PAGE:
Cornell Students Against Sweatshops continued its fight against the Fair Labor Association, an anti-sweatshop group CSAS claims has failed to crack down on international labor abuses, in a talk Wednesday with FLA Executive Director Jorge Perez-Lopez.
At the discussion — during which students raised concerns and posed questions to Perez-Lopez — CSAS criticized FLA, to which Cornell pays dues, for not doing enough to ensure its member companies are running their overseas factories in compliance with FLA’s code of conduct for labor rights.
The dialogue between CSAS and Perez-Lopez followed a series of letters written by CSAS to FLA and University administrators calling for Cornell to cut ties with the association. In January, President David Skorton told CSAS that the administration would not support ending Cornell’s relationship with FLA “until an adequate dialogue … had been realized,” according to Casey Sweeney ’13, a regional organizer for United Students Against Sweatshops.
After the conversation, Sweeney said CSAS still believes the University should sever ties with FLA. She added she was particularly dissatisfied with Perez-Lopez’s response to whether the FLA has implemented changes in response to concerns expressed by students nationwide.
“To hear from him directly that the FLA has not changed at all in response to these concerns that we’re raising shows that there is fundamental disconnect between the FLA’s values and the values of students,” Sweeney said.
Alex Bores ’13, liaison between CSAS and United States Association of Students, pressed Perez-Lopez on why the FLA had not raised its standards for labor conditions to match those of Cornell and the Worker Rights Consortium, Cornell’s other non-profit anti-sweatshop affiliate.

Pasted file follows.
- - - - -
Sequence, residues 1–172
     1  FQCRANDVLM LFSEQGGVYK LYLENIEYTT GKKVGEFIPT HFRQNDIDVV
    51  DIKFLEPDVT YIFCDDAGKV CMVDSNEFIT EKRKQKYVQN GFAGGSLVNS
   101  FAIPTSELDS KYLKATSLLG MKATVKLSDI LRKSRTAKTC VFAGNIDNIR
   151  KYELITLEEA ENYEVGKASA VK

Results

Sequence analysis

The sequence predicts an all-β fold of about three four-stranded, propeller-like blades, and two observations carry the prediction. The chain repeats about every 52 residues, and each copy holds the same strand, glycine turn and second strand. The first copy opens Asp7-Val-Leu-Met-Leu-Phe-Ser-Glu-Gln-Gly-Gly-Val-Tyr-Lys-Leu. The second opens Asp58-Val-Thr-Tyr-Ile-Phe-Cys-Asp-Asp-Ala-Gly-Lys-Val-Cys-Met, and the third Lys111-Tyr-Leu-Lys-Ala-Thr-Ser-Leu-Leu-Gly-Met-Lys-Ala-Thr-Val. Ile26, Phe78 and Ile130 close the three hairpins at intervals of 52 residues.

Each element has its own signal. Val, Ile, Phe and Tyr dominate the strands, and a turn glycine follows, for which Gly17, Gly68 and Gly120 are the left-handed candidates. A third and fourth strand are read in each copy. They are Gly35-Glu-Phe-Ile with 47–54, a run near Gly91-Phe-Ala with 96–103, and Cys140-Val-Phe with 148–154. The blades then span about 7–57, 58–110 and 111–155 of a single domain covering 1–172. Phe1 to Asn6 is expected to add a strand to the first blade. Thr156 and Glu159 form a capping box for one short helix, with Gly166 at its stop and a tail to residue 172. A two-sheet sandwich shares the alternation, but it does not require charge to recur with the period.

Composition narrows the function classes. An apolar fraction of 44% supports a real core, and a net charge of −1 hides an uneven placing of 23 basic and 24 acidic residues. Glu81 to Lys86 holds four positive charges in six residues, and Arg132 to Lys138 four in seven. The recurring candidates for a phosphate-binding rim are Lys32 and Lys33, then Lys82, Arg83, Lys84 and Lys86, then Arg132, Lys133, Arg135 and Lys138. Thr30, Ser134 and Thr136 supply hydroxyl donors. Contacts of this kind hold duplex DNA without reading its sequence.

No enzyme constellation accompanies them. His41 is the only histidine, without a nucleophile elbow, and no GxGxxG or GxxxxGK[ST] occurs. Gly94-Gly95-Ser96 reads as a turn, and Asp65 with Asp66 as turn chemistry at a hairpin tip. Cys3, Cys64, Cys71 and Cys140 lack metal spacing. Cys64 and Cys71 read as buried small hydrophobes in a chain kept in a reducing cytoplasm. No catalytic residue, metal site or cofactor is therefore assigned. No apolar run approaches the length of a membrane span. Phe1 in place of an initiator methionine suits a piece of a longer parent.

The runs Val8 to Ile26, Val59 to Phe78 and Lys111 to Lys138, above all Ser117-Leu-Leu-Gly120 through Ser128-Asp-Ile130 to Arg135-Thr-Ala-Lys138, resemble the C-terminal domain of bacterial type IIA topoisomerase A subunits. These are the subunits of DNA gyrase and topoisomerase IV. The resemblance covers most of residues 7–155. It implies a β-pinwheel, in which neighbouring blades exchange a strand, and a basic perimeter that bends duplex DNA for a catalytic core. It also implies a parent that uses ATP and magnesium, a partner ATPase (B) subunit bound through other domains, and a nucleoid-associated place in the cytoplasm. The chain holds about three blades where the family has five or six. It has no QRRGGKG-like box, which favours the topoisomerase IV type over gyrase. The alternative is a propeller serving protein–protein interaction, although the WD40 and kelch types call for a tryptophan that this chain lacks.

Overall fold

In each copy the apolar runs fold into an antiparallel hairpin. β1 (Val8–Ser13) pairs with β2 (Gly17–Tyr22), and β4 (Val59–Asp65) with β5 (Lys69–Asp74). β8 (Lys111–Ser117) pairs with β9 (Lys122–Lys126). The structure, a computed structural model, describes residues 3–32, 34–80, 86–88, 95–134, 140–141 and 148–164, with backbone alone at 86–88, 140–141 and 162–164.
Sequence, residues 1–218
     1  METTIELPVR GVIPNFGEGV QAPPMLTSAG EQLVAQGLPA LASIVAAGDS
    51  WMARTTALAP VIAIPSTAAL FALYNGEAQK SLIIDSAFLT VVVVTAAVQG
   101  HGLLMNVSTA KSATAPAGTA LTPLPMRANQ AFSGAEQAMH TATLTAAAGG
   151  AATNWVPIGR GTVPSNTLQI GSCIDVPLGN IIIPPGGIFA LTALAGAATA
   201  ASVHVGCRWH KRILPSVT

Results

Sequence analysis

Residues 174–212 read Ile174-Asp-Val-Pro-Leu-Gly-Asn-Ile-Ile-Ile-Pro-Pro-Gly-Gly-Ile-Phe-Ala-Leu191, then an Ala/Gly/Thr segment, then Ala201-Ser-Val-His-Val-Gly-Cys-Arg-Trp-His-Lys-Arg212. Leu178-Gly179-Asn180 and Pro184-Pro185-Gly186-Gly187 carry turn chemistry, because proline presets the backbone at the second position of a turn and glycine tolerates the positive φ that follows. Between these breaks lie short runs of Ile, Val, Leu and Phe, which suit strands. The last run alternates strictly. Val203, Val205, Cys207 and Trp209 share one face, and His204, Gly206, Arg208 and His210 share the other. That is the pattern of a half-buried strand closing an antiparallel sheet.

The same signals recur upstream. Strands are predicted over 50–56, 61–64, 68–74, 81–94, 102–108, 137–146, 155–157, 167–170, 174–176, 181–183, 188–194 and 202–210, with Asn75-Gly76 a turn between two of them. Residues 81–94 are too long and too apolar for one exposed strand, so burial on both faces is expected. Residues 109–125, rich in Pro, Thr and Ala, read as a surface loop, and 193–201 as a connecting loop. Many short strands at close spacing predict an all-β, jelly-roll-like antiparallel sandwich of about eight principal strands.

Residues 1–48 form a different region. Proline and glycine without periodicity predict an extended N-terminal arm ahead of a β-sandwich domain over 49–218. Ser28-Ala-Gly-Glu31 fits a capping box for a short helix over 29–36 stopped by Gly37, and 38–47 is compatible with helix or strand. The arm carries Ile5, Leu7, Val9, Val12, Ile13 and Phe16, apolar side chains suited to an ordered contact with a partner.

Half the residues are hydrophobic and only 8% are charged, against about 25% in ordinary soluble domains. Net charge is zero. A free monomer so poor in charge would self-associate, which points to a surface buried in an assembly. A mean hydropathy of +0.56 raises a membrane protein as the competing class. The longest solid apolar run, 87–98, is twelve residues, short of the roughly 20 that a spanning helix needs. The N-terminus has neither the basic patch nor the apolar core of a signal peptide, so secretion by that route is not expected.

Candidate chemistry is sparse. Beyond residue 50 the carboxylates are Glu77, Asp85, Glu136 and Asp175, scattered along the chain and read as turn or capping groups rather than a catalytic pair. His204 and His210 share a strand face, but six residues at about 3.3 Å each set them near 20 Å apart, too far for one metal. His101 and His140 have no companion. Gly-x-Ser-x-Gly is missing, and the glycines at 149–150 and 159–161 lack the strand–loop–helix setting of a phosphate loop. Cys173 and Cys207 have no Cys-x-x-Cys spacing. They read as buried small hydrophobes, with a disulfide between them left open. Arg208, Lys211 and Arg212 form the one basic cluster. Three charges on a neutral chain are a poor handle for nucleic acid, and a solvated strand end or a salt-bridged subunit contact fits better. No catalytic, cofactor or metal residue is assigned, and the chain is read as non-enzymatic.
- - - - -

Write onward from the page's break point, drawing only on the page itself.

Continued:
Perez-Lopez responded that the board of the FLA stands by its current code of conduct, which he said has led the organization to make progress in several areas of workers’ rights.
Much of the conversation focused on a few prominent cases, involving companies such as Nike and Russell Athletic, for which CSAS believes the FLA did not seek “outcomes that the University considers hugely successful for the workers,” according to Sweeney.
CSAS members said that the FLA board, which includes corporations such as Nike and Adidas that give money to FLA, prioritizes its corporate interests over potential labor violations. Perez-Lopez rejected accusations that the board of directors influences the monitoring of factories for conduct breaches.
“The board sets general policy,” Perez-Lopez said. “It does not get involved in monitoring. We have a complete separation between the policy-making board and the professional staff that acts as the implementing arm.”
Cornell is one of several universities at which students are currently petitioning administrators for disaffiliation from the FLA. Wednesday’s dialogue was broadcast live online to allow other branches of USAS to participate by emailing in their questions. Bores fielded inquiries from students at Georgetown, University of Chicago and Penn State, among other schools.
The fight to withdraw Cornell from FLA membership has been ongoing since the University participated in the creation of the FLA in 1996, according to Sweeney.
“More than a decade later we are still raising the same concerns,” Sweeney said. “We have found that the FLA is not adequately doing its job in engaging work operations in a productive way that leads to good solutions for workers and for students.”
Original Author: Rebecca Harris